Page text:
Strategists are also becoming increasingly operational by speaking to customers about their needs and getting to the heart of what the customer really wants.

What should organizations consider when developing their strategy?

I think the key strategic focus is to know what is happening within your customer’s customer market. By working backwards from there, you have a base from which to develop your approach and help them achieve their business goals.

Likewise, it’s also important to keep an eye out for regulations and all other externalities in the world that could influence the market going forward.

Equally as important is to look at what the other players in the field are doing.

Finally, you can then think about your own capabilities. Strategy per se is about your long term place so your capabilities and skill sets play a slightly more marginal role than other factors.

To what extent does innovation drive corporate strategy?

It varies between industry and the type of company you are in.

On the one hand, if you are in a fast paced environment then innovation is pretty much the name of the game and plays a huge role in how you think about strategy.

However, if you are in an industry that moves more slowly, such as the financial services market, innovation plays a slightly smaller role.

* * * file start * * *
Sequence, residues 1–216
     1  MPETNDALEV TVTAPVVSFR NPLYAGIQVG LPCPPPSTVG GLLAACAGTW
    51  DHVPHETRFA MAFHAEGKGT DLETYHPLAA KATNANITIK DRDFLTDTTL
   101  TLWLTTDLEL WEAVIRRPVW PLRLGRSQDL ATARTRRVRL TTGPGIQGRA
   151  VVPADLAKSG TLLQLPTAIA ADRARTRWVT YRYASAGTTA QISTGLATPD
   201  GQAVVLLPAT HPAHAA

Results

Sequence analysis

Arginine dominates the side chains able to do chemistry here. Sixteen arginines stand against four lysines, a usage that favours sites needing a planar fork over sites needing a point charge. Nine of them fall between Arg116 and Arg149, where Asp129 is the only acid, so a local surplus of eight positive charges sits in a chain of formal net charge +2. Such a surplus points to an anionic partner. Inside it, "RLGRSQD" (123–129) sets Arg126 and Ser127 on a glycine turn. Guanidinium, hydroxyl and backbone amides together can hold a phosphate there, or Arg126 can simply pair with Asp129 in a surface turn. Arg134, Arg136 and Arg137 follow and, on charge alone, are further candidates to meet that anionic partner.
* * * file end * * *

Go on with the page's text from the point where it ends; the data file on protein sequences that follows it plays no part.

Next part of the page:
We can take artificial intelligence as an example. It is one of the most significant advancements but there is a lot of uncertainty around whether it will take two or even ten years to come into play.

This links back to the fundamental reason why you need to work with your customers more to figure out how fast they believe they can adopt things. An organization needs to consider how much risk appetite they have for innovation.  If they get it right, it could be groundbreaking, if not it may be detrimental.

How do Thomson Reuters tools and technologies help you?

The main tool we use is Thomson Reuters Eikon, which is an intelligent and simple solution for today’s corporates to explore industries, emerging trends, adjacent markets and the competitive landscape.

Thomson Reuters Eikon - Company Deals Data
Thomson Reuters Eikon – Company Deals Data

Discover how Thomson Reuters Eikon can help you understand the markets, competition and emerging trends – with powerful solutions you can filter and customize to your exact needs

We also use StarMine Quantitative Analytics to gain an insight into the themes in the market so we better understand the M&A landscape and what our competitors are doing.

Thomson Reuters StarMine Quantitative Analytics
Thomson Reuters StarMine Quantitative Analytics

Find out more about StarMine Quantitative Analytics

For example, are our competitors expanding organically/inorganically? What exactly is their approach in the same world that we are all operating in?

We also use a lot of secondary research because it is important to use a plurality of sources when building a strategy in order to improve the confidence of the strategy being undertaken.